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Old 21-07-2003, 04:33 PM
Bill Beam
 
Posts: n/a
Default CO2 - Here's the straight sh*(

Wow - Feel like I've been run over by a truck. I've tried to balance
everything for months. OK - it works for everyone else - I'll keep
trying. Guess I'll go with different bulbs or something this time.
CYA



On Mon, 21 Jul 2003 01:09:29 -0400 (EDT), (~Vicki
~) wrote:

I don't use CO2 in my tanks either, but it does not mean that it does
not work. Every tank is different that is all.

Vicki



  #17   Report Post  
Old 21-07-2003, 04:33 PM
Bill Beam
 
Posts: n/a
Default CO2 - Here's the straight sh*(

Wow - Feel like I've been run over by a truck. I've tried to balance
everything for months. OK - it works for everyone else - I'll keep
trying. Guess I'll go with different bulbs or something this time.
CYA



On Mon, 21 Jul 2003 01:09:29 -0400 (EDT), (~Vicki
~) wrote:

I don't use CO2 in my tanks either, but it does not mean that it does
not work. Every tank is different that is all.

Vicki


  #18   Report Post  
Old 21-07-2003, 04:33 PM
Bill Beam
 
Posts: n/a
Default CO2 - Here's the straight sh*(

Wow - Feel like I've been run over by a truck. I've tried to balance
everything for months. OK - it works for everyone else - I'll keep
trying. Guess I'll go with different bulbs or something this time.
CYA



On Mon, 21 Jul 2003 01:09:29 -0400 (EDT), (~Vicki
~) wrote:

I don't use CO2 in my tanks either, but it does not mean that it does
not work. Every tank is different that is all.

Vicki


  #19   Report Post  
Old 21-07-2003, 07:58 PM
~Vicki ~
 
Posts: n/a
Default CO2 - Here's the straight sh*(

Wow - Feel like I've been run over by a truck. I've tried to balance
everything for months. OK - it works for everyone else - I'll keep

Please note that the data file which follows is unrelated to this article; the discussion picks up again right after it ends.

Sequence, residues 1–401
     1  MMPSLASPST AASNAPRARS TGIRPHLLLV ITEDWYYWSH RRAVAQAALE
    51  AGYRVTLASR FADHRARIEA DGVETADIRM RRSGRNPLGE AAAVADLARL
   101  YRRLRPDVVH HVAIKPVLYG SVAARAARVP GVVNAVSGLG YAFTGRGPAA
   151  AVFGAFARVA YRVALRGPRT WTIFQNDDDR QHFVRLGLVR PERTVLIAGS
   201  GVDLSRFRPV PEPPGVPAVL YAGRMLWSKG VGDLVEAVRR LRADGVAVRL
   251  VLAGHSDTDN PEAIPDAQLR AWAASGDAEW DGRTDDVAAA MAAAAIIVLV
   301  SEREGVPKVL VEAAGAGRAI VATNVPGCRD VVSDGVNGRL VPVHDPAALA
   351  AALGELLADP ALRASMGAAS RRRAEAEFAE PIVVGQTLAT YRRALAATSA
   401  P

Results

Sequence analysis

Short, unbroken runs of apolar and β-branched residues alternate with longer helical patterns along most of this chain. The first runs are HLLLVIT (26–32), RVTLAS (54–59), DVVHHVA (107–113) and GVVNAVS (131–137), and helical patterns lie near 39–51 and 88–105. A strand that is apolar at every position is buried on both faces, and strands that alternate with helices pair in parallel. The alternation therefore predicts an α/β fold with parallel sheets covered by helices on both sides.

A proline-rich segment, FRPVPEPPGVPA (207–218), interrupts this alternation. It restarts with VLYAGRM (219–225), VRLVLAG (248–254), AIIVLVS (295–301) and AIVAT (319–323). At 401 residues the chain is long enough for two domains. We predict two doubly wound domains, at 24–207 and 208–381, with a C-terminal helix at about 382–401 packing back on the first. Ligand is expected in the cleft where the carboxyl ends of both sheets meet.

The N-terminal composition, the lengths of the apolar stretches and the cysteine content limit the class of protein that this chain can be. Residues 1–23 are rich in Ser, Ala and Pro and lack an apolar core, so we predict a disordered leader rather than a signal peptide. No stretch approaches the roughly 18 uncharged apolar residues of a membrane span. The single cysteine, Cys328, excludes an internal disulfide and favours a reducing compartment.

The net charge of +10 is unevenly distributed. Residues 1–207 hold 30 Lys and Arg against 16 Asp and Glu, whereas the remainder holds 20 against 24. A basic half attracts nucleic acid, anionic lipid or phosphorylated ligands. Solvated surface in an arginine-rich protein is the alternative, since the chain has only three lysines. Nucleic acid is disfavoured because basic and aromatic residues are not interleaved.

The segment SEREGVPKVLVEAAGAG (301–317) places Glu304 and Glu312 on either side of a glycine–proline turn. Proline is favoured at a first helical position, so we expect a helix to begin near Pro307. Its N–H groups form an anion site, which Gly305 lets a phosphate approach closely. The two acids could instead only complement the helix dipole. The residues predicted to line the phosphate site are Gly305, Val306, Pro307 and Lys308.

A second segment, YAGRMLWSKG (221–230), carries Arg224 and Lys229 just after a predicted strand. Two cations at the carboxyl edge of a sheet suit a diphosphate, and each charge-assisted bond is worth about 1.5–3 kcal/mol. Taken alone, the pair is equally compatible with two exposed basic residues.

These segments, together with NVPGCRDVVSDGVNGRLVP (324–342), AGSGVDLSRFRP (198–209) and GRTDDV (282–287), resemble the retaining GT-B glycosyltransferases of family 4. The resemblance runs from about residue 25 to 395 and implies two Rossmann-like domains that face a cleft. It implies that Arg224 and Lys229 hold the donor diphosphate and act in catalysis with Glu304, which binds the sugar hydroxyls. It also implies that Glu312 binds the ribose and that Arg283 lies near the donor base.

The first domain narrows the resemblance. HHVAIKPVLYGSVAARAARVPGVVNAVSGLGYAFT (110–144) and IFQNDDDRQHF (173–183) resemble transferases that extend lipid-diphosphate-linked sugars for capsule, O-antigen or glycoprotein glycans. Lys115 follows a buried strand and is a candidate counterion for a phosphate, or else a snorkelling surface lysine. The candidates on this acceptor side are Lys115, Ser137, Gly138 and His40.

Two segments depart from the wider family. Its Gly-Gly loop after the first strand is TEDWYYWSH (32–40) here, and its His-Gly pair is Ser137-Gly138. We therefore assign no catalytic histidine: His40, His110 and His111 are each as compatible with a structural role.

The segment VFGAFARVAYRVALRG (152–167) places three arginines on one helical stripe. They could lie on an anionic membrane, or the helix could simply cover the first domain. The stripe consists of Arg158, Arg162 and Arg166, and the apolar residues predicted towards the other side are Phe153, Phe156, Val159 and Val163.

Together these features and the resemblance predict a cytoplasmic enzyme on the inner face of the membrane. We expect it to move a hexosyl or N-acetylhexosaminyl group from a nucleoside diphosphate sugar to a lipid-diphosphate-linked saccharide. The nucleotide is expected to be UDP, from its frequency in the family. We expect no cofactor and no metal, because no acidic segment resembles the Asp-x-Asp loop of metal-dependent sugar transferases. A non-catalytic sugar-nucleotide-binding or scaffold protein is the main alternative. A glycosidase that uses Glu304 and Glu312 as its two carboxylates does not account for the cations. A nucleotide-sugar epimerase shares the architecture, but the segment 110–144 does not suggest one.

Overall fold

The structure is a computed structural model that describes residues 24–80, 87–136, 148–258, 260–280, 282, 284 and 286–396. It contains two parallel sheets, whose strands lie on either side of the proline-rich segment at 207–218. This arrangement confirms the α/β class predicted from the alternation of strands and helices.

trying. Guess I'll go with different bulbs or something this time. CYA



Let me qualify my statement. I have two garden centers and a landscape
whole sale lot that the landscape department of my business works out
of. So it is reasonable to say that I know a thing or two about plants.
Plants are basically the same whether they grow on land or water and
need the same things to thrive. mainly water, light, nutrients, CO2 and
oxygen.

If your lawn is full of weeds than it is reasonable to think that the
dirt is of poor quality, meaning that it is low in organic material
needed to promote good grass growth. Algae is like a weed then and it
is growing very happily in your tank. Now saying that you still don't
know how to fix the problem and are very frustrated since you have
followed everyones' advice and still are left with an unsightly tank.

Well then let me explain my own tank set up to you and see if it can
help you a little bit. I have a 55 g tank which I have placed next to a
north-eastern window in my home. It gets filtered light all day and I
also use a full spectrum light in the hood.(nothing special, just the
hood that came with the tank. The bulb which come with the hood is no
good for plants tho. Just get one at your local pet store which is full
spectrum.) My tank is also fully stocked with fish which produce plenty
of CO2 and other stuff which make my plants grow happily. I change 50%
of my water every week and add a little aquatic plant food for the trace
elements that the plants need to be healthy in the tank. I also do not
have hundreds of plants in it, but about 15. I have several diff types
of amazon sword, several Ceratopteris thalictroides ( oriental water
fern) sagittaria (dwarf variety ) and several Nymphaea lotus ( Egyptian
water lilly) all of which do not need intense lighting. They are not
crowded together but have enough space for the water to move around.
(crowding is the number one killer of plants in the landscape. They
will not thrive if there is not adequate air movement and disease will
set in) Also I have a basic over the side filter which I use carbon in
the filter. I change the filter media every 3 weeks. Besides filtering
the water it oxygenates both fish and plants.

In the 20 + years that I have been keeping fish I have never had algae
grow more than a few little spots here and there in my tanks.

Now having said that, do you have the lighting needed for your type of